Beyond 'billboard-change'


Tuesday and I noticed the billboard — either from a gigantic bank or a gigantic consultancy — as we walked through the airport:


Can you imagine promising that? Worse yet, can you imagine believing it? Perhaps they mean a conversation. Just a starting point. But can a proper starting point even be made — let alone ‘change’ — in seven days?

Change is a delicate business comprised of trick steps, false turns, disorientation, exhilarating adrenalin, mind shifting breakthroughs, and overwhelming momentum. It requires patience and exquisite balance. The gaps between the trick steps and mind shifting breakthroughs can feel like very lonely roads.

But given some time — and a faithful adherence to staying in-relationship and sharing the work — your often at-odds, sometimes weary group will suddenly look down and realize you are standing in a new place. All of sudden, perhaps without even noticing, you realize together that you’ve left the old place behind you, and you’re in strange but interesting, stimulating, and worthwhile new territory. You might feel the sensation of fresh air, and of non-useful baggage having been left behind (where it belongs). You might start measuring little wins that add up to a real shift in the current reality.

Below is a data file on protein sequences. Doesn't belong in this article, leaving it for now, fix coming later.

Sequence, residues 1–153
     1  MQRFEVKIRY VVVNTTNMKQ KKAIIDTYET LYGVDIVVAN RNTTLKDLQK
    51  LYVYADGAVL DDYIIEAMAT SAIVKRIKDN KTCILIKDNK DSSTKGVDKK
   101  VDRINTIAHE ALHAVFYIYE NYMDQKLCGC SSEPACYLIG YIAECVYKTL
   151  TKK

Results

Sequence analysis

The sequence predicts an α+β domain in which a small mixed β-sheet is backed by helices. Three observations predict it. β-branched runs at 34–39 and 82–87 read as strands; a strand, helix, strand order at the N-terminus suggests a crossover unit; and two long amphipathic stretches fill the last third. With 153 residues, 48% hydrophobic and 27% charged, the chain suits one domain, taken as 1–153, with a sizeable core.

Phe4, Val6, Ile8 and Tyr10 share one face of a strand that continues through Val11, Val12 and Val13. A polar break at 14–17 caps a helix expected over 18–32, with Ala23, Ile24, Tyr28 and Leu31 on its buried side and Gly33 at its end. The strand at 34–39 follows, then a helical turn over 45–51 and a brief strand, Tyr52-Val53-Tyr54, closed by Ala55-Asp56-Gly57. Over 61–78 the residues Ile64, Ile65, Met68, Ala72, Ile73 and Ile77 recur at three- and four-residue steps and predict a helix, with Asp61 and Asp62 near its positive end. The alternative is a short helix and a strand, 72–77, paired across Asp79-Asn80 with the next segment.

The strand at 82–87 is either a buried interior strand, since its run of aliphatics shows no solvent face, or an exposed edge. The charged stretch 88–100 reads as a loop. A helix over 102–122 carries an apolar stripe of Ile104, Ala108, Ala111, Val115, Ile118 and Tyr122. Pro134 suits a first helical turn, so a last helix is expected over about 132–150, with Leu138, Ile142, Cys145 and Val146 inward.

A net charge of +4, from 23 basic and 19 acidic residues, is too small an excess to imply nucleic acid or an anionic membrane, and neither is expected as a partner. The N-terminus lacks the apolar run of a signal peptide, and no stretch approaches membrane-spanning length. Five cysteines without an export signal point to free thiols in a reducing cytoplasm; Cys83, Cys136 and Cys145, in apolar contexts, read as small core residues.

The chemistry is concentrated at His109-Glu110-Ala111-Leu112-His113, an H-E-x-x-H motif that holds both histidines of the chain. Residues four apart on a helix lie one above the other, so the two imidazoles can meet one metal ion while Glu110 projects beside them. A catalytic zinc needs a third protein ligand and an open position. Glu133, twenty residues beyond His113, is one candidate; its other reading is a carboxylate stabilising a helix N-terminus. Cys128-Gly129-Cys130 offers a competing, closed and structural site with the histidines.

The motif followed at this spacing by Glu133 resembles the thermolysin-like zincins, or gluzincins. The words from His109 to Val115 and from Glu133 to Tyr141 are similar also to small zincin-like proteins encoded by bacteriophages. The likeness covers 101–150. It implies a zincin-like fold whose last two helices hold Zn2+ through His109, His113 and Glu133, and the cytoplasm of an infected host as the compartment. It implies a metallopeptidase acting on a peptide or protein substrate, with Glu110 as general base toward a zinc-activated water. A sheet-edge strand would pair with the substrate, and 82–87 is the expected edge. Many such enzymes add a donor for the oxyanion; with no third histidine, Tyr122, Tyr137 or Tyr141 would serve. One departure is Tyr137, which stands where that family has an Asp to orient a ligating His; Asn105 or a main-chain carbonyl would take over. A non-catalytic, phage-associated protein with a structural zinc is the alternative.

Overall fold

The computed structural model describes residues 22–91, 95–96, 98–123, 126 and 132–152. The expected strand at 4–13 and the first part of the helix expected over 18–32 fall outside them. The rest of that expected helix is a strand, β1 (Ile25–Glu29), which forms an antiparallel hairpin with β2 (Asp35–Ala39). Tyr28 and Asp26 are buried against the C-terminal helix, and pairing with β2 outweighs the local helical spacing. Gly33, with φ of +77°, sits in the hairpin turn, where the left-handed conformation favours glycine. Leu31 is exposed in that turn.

Long-game change is not easy, but it’s real. It sticks. It goes noticed by people who needed it. It inspires others to try, too.

Change-in-a-week is a handshake, an elevator pitch. It’s barely a pot of tea. Have we all experienced fateful weeks during which our minds were changed or our inspiration lit? Absolutely. Did it affect anything beyond just us? Nope.

Think of it this way. ‘Change’ designed to fit on a billboard is constrained by the size of a single billboard. We all know that. I’m not sure any of us would see that in the airport and think, “Right on! My organization needs to address child poverty / invent new energy / distribute more food / design the city of tomorrow. I’m going to book a call with ABC Consulting and get it done before next Tuesday!”

Here’s the more important takeaway from that billboard. If we’re smart enough to know we can’t make even minor change happen in a week — short of one individual choosing to adopt a new routine of water, walking, or meditation — we’re smart enough to value all the mess of major change. Say you’ve put your foot through yet another trick step or heard a painful bit of feedback that will cause you to yet-again re-evaluate your assumptions. Congratulations. That’s how you know you’re working towards long-game change. The real kind. You are exactly where you’re supposed to be. Even when it’s uncomfortable. Especially then.

Laugh at the billboards, and stick it out. The fresh air will be worth it.